A proposal to make daylight saving time permanent is finding bipartisan support in the House after its passage in the Senate.
But it’s unclear when – or if – the lower chamber will take up the legislation as leaders punt the effort to the back burner in favor of other pressing matters, including responding to Russia’s invasion of Ukraine.
Word of the proposal passing in the upper chamber Tuesday quickly rocketed across both traditional and social media, one of the few pieces of news to break through almost wall-to-wall coverage of the crisis in Ukraine and gas prices at home. House members on both sides of the aisle almost immediately voiced their support for the push, despite appearing caught off-guard by its swift path through the Senate.
“I think it just caught us all by surprise that the Senate actually produced something and sent it to us. Usually — usually bills go the other way,” Rep. Pete AguilarPeter (Pete) Ray AguilarJan. 6 witnesses to be NBC guests at media dinner Democrats yank COVID relief after revolt by own members The Hill’s Morning Report – Biden goes after Putin, stresses unity MORE (Calif.), vice chair of the House Democratic Caucus, told reporters early Wednesday.
The Senate passed the bill by unanimous consent Tuesday afternoon, using a fast-track procedure that requires every senator to agree.
Speaker Nancy PelosiNancy Pelosi Irish PM tests positive for COVID-19 during visit to DC Five takeaways from Zelensky’s virtual address to Congress House relearns history of legislative surprise rule MORE (D-Calif.) on Wednesday told The Hill she supports doing away with the semiannual time switch. But she wouldn’t provide further details about when the House could take up the matter, particularly with leaders working with the administration to respond to Russia’s invasion of Ukraine.
“We didn’t realize they were acting so quickly and dispositively of it,” Pelosi said. “I, myself, support making daylight saving time permanent. I think it’s not going to be much of an issue for us. But we have to socialize it in our caucus, and our Congress, not just the caucus.”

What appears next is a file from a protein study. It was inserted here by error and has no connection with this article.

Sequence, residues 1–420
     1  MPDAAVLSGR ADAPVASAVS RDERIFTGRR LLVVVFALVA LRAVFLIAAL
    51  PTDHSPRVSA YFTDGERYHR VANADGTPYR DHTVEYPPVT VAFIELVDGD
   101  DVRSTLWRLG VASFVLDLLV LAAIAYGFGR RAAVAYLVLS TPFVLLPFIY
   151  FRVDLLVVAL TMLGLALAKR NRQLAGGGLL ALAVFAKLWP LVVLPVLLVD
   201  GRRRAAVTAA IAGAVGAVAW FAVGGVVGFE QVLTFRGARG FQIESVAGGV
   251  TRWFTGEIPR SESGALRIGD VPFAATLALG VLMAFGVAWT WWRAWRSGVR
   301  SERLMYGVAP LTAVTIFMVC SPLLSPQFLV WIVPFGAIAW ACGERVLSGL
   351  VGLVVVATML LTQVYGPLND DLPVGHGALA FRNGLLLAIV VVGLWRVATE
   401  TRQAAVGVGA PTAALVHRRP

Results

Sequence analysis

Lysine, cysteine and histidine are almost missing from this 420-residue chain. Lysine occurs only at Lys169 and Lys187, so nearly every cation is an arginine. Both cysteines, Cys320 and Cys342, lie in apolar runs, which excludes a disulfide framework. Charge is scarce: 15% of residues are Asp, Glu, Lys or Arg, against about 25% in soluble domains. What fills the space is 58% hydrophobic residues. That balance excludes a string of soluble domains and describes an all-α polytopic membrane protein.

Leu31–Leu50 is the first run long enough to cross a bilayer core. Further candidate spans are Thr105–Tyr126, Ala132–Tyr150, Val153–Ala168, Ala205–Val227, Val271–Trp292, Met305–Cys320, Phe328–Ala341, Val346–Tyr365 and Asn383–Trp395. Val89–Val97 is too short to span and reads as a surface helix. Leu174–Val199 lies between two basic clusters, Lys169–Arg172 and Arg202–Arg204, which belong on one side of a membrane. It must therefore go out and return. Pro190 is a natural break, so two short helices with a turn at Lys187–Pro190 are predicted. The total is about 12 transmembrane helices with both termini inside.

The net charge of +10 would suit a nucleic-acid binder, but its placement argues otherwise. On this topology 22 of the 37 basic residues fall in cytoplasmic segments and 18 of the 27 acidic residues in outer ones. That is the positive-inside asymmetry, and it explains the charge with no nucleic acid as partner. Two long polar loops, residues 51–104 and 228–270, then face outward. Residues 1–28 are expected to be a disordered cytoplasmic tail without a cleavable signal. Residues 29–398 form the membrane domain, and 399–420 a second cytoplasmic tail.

But she quickly added that lawmakers also have “important work to be doing,” as the Biden administration seeks tougher action on Russia, including its recent push to revoke Russia’s “most favored nation” trade status.
Sen. Marco RubioMarco Antonio RubioExplainer: What would a permanent daylight saving time look like? Lawmakers back Biden on potential economic penalties for China Senate unanimously approves making daylight saving time permanent MORE (R-Fla.), lead sponsor of the daylight saving time proposal, urged the House to move swiftly on the legislation. That call has also been echoed by Rep. Vern BuchananVernon Gale BuchananMORE (R-Fla.), who is pushing for the measure in the lower chamber.
“It’s time to end the antiquated practice of changing our clocks twice a year, which is why I’m leading a letter to Speaker Pelosi calling for immediate consideration of my bill with Sen. Rubio, the Sunshine Protection Act,” Buchanan said.
The proposal’s passage on Tuesday came days after much of the nation saw their clocks spring forward one hour on Sunday for daylight saving time. The change will remain until early November.
However, under the newly passed proposal, daylight saving time would be made permanent, starting November 2023, meaning most who changed their clocks at that time of year would no longer have to.